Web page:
All About Deconstruction
When we first decided to create a sofa we created an icon.
There was no point in creating one in a traditional way, as modernism has given us so many great sofas, and they all start to look the same with only minor differences such as a special leg or a certain curve or detail. Which in our opinion is a total waste, and if you can’t bring something new to the world, then don’t bring it on at all. We decided to deconstruct the sofa and work with just one building block, polyurethane foam.
Rather than clad it onto a structure, we took the foam as a sculptor would take a block of marble and carved into it with our hands. We discovered there is a great symbiotic relationship between us and the foam. We see in our minds where we want to go, our hands act accordingly, but at the same time the foam tears in a way that it wants to within its nature, so the control is mutual. Creating a new way for materials to exist by allowing their nature to be a part of the work gives an authenticity that is at the heart of much of our work.
The resulting form started to resemble a kind of geology, like a strange mountain range, hence the name Pyrenees which came to us whilst making the first one.
Traditionally the foam within a sofa would be upholstered and thereby protected, but the form of the Pyrenees was way too complex to create a pattern.
So instead we coated the foam and blasted it with millions of tiny fibres, whilst running an electric charge through the piece so they all stood on end and created a velvet surface.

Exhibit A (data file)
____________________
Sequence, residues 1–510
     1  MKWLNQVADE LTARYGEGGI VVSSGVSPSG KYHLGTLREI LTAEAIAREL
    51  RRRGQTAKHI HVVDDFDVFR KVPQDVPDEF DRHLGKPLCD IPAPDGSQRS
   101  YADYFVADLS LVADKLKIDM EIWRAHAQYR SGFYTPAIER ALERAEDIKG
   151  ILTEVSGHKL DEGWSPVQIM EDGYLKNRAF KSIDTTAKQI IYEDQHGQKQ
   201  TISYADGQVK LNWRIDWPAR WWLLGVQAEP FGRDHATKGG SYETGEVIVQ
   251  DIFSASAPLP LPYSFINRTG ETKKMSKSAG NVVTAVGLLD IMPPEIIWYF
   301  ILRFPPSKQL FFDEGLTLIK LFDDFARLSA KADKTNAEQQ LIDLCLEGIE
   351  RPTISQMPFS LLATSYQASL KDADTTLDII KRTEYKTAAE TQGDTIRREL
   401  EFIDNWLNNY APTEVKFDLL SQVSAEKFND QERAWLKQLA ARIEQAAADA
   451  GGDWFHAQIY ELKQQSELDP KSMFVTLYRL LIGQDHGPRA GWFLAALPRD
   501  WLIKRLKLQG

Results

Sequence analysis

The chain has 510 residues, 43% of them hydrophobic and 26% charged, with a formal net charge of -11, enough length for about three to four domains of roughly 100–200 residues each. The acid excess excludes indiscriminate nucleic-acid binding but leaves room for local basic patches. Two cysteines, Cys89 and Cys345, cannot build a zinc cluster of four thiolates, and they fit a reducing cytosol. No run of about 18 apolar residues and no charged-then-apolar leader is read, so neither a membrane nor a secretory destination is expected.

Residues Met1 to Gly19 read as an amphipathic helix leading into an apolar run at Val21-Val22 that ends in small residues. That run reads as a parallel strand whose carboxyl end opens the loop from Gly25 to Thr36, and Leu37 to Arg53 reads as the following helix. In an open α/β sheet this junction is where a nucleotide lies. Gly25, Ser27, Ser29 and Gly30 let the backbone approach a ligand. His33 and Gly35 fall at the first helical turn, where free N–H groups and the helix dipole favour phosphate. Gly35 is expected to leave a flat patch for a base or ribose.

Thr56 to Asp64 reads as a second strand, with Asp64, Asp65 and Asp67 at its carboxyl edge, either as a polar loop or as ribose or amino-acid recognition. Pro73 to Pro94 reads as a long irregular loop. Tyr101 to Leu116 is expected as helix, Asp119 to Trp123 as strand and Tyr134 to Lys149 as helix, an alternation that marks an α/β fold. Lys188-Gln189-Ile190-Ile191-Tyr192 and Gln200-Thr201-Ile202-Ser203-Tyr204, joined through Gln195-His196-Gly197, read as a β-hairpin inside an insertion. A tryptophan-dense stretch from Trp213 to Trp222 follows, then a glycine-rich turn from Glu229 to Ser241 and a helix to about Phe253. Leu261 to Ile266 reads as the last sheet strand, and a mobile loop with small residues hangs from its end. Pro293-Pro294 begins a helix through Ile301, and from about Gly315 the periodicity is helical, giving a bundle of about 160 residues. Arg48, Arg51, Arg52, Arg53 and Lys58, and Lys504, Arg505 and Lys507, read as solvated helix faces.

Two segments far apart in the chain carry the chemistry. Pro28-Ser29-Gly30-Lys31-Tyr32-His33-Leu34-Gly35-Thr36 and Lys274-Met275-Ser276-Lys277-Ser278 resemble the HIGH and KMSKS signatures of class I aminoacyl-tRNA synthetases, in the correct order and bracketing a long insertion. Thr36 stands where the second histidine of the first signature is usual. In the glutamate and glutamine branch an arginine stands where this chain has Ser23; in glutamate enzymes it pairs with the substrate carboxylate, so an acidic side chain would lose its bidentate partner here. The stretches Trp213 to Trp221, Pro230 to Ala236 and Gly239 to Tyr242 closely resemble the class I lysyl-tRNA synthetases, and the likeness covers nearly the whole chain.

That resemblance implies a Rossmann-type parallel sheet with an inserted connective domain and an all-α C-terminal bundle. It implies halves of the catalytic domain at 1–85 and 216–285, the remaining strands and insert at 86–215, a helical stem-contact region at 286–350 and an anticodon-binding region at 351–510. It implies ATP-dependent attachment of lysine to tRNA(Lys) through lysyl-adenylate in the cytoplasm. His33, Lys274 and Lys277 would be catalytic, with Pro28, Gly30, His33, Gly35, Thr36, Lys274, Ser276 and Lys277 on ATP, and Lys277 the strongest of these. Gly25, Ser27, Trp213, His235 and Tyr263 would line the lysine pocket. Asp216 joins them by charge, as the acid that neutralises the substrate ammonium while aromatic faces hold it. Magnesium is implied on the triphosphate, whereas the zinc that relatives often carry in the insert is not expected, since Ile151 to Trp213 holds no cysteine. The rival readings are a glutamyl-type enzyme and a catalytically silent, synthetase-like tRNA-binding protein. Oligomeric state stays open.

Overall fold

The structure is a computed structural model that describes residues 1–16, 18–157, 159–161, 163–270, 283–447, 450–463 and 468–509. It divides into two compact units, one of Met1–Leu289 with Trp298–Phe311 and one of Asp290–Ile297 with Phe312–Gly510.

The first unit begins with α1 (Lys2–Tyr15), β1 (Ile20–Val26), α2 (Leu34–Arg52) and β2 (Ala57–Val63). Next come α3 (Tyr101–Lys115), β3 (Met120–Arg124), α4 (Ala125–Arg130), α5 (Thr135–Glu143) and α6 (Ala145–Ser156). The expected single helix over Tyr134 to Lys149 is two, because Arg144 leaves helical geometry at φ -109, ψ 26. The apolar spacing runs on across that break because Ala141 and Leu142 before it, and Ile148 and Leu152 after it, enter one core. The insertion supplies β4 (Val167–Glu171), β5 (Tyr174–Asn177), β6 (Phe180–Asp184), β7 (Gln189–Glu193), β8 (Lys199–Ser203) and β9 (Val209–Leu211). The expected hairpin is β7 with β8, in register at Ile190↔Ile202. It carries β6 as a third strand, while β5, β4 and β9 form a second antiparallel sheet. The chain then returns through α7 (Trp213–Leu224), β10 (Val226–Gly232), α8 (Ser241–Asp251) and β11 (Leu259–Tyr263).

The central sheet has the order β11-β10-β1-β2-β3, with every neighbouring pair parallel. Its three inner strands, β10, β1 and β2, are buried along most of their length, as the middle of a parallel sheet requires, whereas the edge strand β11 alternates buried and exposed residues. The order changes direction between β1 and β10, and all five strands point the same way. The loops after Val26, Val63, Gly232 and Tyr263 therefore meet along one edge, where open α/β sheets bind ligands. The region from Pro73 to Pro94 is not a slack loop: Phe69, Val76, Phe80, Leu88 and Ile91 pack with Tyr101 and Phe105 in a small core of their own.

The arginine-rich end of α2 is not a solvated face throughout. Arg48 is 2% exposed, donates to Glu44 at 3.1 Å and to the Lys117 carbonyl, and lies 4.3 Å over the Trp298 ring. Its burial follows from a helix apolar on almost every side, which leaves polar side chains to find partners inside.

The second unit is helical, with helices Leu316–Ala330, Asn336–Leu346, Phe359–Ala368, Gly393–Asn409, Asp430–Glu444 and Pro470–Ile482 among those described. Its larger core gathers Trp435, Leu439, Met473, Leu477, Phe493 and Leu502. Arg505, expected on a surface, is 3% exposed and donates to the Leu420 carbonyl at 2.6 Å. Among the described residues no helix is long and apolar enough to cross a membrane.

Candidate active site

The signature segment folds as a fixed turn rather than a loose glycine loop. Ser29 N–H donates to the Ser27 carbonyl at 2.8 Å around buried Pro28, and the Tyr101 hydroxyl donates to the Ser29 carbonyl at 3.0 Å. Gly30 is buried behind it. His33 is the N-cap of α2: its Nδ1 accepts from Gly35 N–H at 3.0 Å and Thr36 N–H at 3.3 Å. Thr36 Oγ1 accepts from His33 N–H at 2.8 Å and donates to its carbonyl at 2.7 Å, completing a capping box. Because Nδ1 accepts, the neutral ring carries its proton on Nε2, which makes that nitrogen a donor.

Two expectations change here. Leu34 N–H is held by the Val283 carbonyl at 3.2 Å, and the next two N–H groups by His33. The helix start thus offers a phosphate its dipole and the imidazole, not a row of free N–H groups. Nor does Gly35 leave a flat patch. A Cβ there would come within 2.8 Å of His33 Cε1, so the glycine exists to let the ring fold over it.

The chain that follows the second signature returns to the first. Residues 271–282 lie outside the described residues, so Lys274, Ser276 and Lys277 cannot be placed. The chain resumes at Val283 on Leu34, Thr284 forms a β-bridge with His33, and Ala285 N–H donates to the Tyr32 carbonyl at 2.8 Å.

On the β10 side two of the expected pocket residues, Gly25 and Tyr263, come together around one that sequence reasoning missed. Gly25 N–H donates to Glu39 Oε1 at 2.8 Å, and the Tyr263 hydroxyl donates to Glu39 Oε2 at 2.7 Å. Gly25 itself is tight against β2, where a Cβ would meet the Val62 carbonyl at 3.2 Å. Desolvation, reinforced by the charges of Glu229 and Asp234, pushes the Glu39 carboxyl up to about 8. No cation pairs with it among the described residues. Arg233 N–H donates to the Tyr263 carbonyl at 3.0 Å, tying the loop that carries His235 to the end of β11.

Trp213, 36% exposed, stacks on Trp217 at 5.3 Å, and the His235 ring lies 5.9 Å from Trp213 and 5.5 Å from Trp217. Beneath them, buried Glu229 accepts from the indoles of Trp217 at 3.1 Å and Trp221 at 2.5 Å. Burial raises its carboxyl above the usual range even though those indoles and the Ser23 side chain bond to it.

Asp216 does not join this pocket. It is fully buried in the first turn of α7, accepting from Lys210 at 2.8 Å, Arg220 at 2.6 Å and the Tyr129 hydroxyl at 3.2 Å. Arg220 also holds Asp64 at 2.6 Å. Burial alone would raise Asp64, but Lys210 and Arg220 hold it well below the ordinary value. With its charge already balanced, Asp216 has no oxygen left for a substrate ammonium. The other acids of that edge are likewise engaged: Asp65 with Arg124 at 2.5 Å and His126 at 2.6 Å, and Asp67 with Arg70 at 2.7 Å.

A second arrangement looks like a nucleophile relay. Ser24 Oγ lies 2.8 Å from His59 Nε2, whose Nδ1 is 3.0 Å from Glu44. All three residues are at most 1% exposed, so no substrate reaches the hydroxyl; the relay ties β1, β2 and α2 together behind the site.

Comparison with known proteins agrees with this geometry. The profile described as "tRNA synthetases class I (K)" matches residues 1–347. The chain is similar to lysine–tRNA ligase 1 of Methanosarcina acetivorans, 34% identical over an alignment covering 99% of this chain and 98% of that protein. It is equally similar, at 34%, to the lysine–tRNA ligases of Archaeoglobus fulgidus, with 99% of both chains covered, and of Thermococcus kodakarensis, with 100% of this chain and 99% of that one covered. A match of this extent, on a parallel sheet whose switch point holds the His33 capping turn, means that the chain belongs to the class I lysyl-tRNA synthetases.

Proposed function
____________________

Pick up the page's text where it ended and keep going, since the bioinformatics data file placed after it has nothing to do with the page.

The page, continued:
The first Pyrenees appeared forest green but it is actually a combination of short black fibres and longer yellow fibres that give an optical lustrous green effect which shines gold as the edges and peaks catch the light. We have gone on to create many new colours in this way, effectively painting with fibres. The stand for the Pyrenees is mindfully reminiscent of a museum stand used to display a geological sample.
This geological inference plays on a great duality of what the viewer expects it to be. Your mind imagines a hard rocky surface, when in fact the softness of the foam and velvet surface is the exact opposite, and always unexpected when people touch it for the first time, and tentatively ask “Can I sit on it?”.
The Pyrenees was first shown in our inaugural solo show “Furniture” at David Gill Gallery in 2007. in 2011 it was purchased by the Victoria and Albert Museum in London for their permanent collection and stands as a pioneering record of the first work of upholstery to ever be created in this way. The museum positioned it to open their 21st century collection and over the years this piece is loved, coveted and often copied, but make no mistake, this is THE original, the mother that has opened many doors and inspired to future work, including our own.
Polyurethane Foam, Steel
Forest Green, Black, Teal, White, Pink
W220 x D100 x H80cm (W87 x D39 x H31in)
8 + 2 Artist Proof + 2 Prototype, David Gill Gallery
Victoria and Albert Museum
05.20 WALLPAPER*, Higher Calling